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The union representing thousands of Hollywood writers has ratified a contract with major production studios, officially ending a months-long labor dispute that paralyzed much of the entertainment industry.
In a statement posted Monday on the union’s website, Writers Guild of America leaders said 99 percent of its members voted to approve the new contract.
The agreement, which runs until May 1, 2026, grants salary increases to writers, increases contributions to health and retirement funds and establishes guidelines for the use of artificial intelligence.
WGA members ended their strike against the Alliance of Motion Picture and Television Producers, or AMPTP, on September 27. The strike stalled the production of films and television shows for almost five months.
Late night television programs quickly returned to production and began airing new episodes the following weekend.
John Oliver, HBO host Last week tonighttold NPR he was relieved the contract dispute was coming to an end — and that working on shows like his requires a full staff.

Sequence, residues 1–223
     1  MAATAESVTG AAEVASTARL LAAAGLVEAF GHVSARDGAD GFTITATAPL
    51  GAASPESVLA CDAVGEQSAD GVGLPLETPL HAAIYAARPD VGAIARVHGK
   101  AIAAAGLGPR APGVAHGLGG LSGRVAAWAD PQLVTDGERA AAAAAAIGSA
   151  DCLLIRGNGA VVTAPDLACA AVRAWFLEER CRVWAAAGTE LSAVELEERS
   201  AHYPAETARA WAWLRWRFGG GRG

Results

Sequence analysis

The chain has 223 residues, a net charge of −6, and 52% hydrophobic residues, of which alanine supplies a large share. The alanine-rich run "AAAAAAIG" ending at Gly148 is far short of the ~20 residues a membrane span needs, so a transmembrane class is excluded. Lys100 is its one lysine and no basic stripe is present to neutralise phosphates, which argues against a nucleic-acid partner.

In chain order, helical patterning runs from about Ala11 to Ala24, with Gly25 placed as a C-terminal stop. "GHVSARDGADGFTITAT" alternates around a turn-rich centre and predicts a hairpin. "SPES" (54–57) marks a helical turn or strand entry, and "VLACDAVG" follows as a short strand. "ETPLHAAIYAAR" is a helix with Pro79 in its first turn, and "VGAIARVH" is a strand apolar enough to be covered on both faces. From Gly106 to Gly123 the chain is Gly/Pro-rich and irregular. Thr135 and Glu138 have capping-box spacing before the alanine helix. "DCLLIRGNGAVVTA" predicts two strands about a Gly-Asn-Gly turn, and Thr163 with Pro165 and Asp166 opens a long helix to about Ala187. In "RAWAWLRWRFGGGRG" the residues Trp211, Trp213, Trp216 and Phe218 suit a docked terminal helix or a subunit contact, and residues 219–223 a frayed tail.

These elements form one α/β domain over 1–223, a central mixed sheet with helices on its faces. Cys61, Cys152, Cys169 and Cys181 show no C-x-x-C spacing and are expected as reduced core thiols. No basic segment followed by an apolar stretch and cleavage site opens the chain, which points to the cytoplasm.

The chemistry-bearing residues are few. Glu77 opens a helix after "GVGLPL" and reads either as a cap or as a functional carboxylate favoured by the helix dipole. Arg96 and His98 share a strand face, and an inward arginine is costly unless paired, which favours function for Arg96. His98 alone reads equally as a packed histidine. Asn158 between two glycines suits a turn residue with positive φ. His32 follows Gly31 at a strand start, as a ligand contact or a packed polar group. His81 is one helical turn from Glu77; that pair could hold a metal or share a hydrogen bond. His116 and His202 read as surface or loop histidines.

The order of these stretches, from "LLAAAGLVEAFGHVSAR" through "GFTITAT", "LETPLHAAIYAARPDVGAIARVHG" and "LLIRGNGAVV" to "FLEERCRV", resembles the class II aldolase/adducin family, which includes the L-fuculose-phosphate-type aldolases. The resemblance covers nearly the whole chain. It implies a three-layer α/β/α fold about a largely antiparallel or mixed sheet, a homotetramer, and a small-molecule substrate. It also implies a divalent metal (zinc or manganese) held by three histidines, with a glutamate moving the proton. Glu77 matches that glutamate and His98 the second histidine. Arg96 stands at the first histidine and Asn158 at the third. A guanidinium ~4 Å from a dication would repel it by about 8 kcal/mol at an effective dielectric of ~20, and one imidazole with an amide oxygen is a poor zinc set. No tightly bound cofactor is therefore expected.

“It’s an extremely collaborative experience, which is why when you take a component out of this machine, it’s frustrating, because you think everything only works if everyone is pulling in the same direction,” Oliver told NPR. All things Considered Friday.
But production of other television shows and films remains on hold, as the Screen Actors Guild-American Federation of Television and Radio Artists, or SAG-AFTRA, continues to strike while its own negotiations with AMPTP continue.
While celebrating winning their contract, WGA executives took note of the actors’ strike against Hollywood studios, which began in July.
“As our negotiations come to a close, we will not forget our SAG-AFTRA brothers and sisters who have supported the writers every step of the way,” said WGA West President Meredith Stiehm and President of WGA East, Lisa Takeuchi Cullen.
“We are calling on AMPTP to negotiate an agreement that meets the needs of artists and, in the meantime, we are asking WGA members who can to continue to show up on their picket lines in solidarity.”